I remember my granny used to bring me for a ride in the Malay kampungs to visit her friends on a baby saddle fixed at the back of her black old bicycle. She will bring me around & entertain the makciks with my debut in reciting Rasa Sayang to them. Haha. My uncle can speak damn good Malay & Tamil too, same as my dad & second uncle. They are adventurous bunch & that is why they learn a lot & make a lot of new acquaintances. My grandad used to ride on his motorbike to Malay villages & estates to get fruits or petais from the orchards. He is quite famous in my hometown as Chinese in town knows him, the Malay in villages befriend him, & the Indian in the estates recognised him. As I was growing up in my schooling days, I was known as ‘Cucu Ah Lim’ where ever I go.
Muhibbah Pays I
During my mid teens, muhibbahness paid the price when I was seen as an outcast by some fellow Chinese friends/classmates. This is because of my tendencies to mingle around with people who is not my skin colour. Is fun being different, but it isn’t fun being segregated by your own. My early primary was okay as we are still kids & don’t realise what racial issue means to us that time. We form gangs & played happily with each other without having those issues put in as a barrier to not to interact with each other. Things was a bit different in secondary school. The biggest difference is when I joined the scouts. For you all that doesn’t know, my school is a typical government national school. Therefore, a pattern existed in the domination of clubs, societies & uniformed groups at that moment. Majority of the Chinese students will join St.John Ambulance, the Malays will join either scouts or the Red Crescent & the Indians are a bit of both or in the Guides.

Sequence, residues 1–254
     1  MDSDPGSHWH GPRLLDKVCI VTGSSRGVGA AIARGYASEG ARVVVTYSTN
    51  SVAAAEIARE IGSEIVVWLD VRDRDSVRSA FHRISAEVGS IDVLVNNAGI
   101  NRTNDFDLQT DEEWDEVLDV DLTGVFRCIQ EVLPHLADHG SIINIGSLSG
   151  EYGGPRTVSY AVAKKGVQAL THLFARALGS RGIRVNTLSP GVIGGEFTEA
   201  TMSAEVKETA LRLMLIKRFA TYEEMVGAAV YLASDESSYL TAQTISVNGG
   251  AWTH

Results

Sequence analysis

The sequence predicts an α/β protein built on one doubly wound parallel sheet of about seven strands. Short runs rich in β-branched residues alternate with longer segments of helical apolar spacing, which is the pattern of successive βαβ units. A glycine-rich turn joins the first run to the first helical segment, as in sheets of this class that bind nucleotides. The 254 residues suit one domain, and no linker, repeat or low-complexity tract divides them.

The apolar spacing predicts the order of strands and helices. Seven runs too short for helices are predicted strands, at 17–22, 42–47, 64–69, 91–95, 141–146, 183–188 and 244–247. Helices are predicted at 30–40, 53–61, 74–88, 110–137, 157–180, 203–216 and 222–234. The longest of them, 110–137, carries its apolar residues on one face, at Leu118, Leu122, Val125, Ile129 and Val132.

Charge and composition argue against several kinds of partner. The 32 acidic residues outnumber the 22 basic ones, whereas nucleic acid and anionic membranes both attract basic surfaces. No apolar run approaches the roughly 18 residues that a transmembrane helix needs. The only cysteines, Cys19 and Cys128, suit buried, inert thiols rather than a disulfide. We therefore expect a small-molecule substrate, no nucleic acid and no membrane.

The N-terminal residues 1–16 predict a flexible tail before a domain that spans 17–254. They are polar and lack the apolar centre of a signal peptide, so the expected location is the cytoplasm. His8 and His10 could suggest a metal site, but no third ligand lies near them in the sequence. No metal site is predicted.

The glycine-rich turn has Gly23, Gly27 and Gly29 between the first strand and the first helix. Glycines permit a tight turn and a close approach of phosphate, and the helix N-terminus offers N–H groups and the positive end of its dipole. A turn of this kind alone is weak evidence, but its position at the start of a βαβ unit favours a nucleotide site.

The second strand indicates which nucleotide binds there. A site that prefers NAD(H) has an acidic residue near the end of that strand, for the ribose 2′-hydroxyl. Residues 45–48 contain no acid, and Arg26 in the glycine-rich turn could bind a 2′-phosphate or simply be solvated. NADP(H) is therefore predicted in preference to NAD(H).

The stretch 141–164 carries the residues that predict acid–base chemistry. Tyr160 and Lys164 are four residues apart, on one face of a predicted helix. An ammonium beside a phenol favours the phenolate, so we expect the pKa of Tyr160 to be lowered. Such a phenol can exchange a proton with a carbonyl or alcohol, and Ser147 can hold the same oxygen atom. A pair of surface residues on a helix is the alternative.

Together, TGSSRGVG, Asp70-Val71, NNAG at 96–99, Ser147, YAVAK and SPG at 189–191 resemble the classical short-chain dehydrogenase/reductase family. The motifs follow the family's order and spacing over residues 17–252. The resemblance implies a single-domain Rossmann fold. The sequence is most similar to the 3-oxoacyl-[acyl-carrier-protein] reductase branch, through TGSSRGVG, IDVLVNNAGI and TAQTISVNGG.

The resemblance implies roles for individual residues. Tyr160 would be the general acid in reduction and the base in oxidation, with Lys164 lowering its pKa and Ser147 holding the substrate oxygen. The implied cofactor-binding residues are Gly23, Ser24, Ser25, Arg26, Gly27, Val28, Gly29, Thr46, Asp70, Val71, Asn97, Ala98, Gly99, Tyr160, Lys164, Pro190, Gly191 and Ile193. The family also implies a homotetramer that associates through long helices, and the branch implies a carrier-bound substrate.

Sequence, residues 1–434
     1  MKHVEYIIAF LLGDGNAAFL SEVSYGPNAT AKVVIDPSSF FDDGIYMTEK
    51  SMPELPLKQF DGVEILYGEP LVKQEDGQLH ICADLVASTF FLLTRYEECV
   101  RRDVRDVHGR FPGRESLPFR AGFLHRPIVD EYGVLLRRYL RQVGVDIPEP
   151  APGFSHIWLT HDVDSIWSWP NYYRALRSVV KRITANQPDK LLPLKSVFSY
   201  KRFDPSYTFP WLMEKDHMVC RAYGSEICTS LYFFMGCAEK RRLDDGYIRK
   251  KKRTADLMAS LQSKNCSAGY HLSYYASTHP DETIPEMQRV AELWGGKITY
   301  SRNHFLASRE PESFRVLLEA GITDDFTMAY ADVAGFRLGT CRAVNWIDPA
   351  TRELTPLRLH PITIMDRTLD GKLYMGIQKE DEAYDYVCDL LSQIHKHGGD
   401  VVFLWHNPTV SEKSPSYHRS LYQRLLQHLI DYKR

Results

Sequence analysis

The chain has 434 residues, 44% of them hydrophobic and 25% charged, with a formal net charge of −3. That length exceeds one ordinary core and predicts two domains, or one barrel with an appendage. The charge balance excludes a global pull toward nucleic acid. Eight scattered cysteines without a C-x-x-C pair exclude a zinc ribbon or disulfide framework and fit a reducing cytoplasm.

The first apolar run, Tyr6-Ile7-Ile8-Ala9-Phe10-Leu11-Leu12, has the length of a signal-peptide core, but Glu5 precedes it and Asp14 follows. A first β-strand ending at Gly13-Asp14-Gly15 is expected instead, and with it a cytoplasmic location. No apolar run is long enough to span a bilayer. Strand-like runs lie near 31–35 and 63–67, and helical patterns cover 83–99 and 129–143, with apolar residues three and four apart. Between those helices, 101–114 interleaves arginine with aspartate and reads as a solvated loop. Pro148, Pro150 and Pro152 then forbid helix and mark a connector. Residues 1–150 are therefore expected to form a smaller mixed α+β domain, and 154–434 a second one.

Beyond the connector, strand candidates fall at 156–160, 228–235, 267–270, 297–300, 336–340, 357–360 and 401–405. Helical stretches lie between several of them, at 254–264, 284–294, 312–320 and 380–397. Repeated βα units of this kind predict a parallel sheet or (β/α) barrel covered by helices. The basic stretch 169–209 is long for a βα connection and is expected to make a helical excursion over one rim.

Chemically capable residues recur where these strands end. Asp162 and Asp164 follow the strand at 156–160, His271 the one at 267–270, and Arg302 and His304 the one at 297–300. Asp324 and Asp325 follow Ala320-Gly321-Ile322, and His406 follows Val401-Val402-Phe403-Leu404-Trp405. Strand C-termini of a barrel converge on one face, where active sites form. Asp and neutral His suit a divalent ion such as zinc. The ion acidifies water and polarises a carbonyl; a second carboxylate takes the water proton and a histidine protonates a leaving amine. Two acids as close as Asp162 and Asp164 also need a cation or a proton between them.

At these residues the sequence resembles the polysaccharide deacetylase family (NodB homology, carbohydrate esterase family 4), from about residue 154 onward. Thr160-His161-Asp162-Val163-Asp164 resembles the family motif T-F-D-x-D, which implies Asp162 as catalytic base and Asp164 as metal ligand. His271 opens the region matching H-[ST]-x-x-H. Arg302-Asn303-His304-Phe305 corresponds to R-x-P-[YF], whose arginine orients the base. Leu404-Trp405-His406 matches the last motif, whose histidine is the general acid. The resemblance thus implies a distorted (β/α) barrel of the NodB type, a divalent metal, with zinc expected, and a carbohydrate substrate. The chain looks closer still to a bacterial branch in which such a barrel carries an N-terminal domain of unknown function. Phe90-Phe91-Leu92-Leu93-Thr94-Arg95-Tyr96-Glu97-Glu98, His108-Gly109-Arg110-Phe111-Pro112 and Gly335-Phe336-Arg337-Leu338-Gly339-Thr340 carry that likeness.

I realise those patterns existed but at that time, my personal interest is my main priority. I joined the Red Crescent in the beginning where the club is 95% are dominated by Malays. It is not a problem for me at that time, but after a month in the club, I quit because their syllabus suck. And they didn’t have a good & charismatic leader too. Their meetings are most of the time too casual, no uniformity, no clear aims & objectives in their programmes. Furthermore, the Red Crescent members are where all the troublemakers dwelled. It was the worst reputed society in school at that time. While contemplating to quit, the scouts caught my eyes. Their activities seem to be more fun as I saw them camping a lot, hiked a lot in their fancy uniform & badges. Their leaders are strict & charismatic & the society was manned like a military unit. I admire military stuff a lot, & that is why I eventually joined the scouts instead of joining a Chinese dominated club like the St.John.
Muhibbah – literally means national integration, a ‘brand’ name that Malaysian ruling government use to promote patriotism.
Merdeka – independence, actually referring to independence day (31st Aug) or ‘independence month’ that runs throughout the month of August.
Perakian – the Malay slang that originates from Perak state, one of the 14 states in Malaysia located at the west coast.
Kedahan – a neighbouring state of Perak in the northern part of Malaysia.
Cikgu – (school) teacher, a title.
Cucu – grandchild
Makcik(s) – A title used to address elderly Malay women.
Batu – mile/mileage
Jalan – road
Rasa Sayang – literally means ‘Feeling in Love’, is a traditional Malay nursery rhymes taught in Malaysian nurseries/kindergarten.